World Health Organization (WHO) estimates, the number of people with dementia or dementia throughout the world will be tripled by 2050. WHO says, as many as 35.6 million people worldwide are currently living with dementia.
The UN health agency says, that number will double to 65.7 million in 2030 and reached 115.4 million in 2050. This report published by WHO in Dementia: public health priority.
WHO said the share of cases of dementia in poor countries and the middle will increase to 70 percent in 2050, given the growing elderly population.
Dementia is caused by various diseases of the brain that affects memory, thinking, behaviour and ability to perform daily activities.
“We need to improve our ability to detect early dementia and provide medical care and necessary social,” said Oleg Chestnov, assistant director-general of no communicable diseases and mental health from the WHO.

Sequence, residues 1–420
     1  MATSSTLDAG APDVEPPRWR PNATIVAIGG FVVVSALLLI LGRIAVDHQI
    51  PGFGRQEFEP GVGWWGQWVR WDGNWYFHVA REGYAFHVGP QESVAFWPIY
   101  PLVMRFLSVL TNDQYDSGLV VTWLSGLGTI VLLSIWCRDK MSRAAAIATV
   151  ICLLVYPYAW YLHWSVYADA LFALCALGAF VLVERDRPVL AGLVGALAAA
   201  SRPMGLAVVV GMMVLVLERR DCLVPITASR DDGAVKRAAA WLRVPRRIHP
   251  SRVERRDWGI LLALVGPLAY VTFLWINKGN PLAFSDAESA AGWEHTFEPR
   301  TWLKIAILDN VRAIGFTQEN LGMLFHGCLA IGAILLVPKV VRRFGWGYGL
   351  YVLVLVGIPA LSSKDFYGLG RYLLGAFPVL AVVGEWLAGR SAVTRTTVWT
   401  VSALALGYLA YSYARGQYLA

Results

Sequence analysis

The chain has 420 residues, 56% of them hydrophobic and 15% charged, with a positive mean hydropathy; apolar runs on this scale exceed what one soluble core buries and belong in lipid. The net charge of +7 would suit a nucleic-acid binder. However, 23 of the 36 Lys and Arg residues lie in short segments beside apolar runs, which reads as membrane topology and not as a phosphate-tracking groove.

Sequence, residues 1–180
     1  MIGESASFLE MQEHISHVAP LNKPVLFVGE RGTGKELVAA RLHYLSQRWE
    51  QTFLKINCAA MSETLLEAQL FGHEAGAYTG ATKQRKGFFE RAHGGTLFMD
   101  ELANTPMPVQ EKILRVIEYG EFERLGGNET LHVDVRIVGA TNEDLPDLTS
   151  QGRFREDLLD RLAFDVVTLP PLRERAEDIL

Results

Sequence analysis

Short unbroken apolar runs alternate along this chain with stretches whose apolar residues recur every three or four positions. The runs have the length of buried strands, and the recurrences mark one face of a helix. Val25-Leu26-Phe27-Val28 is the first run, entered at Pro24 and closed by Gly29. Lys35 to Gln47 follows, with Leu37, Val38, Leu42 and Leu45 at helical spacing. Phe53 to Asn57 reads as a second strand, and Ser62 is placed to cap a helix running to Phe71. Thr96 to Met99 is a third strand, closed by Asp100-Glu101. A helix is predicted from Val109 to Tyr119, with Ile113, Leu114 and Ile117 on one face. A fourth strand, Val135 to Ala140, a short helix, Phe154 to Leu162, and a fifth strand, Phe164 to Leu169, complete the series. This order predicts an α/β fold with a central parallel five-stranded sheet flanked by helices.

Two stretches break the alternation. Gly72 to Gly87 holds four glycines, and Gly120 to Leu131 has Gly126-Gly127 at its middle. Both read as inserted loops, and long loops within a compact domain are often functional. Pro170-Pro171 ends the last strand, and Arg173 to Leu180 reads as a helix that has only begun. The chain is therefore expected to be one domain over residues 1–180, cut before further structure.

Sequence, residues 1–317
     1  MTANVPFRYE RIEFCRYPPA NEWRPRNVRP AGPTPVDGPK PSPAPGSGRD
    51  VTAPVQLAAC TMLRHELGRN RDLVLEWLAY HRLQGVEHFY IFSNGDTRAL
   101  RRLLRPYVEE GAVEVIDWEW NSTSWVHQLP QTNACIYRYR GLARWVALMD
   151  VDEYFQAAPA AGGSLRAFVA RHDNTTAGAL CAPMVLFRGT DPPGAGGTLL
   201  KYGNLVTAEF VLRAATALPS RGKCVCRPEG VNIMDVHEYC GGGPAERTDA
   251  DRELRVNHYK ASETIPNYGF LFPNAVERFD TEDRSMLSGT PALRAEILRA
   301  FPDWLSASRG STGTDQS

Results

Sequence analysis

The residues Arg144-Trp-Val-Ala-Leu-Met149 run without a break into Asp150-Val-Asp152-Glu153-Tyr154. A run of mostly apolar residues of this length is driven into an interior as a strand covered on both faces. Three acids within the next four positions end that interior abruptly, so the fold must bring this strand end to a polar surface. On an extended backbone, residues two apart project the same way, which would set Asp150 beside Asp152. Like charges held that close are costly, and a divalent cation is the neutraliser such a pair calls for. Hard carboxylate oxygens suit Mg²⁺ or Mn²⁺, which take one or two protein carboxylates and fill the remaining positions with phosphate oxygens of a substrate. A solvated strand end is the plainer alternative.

“Much can be done to reduce the burden of patients with dementia. But unfortunately, many health workers are not adequately trained to recognize symptoms of dementia,” he added.
WHO noted that only eight countries worldwide that have a national program to cope with dementia. In fact, dementia is a public health priority.
WHO is also highlighting is still a lack of information and understanding about dementia, as well as the strong stigma sometimes makes patients delay seeking medical assistance.
“The low public understanding of dementia and the stigma must be overcome,” said Marc Wortmann, Executive Director of Alzheimer’s Disease International.
Meanwhile, Shekhar Saxena, head of WHO’s mental health department revealed that the prevalence of dementia will explode in this century, along with the length of one’s life expectancy.
“Those aged over 65 years, 1 in 8 of them will have dementia. While those aged over 85 years one of 2.5 people will develop dementia,” said Saxena.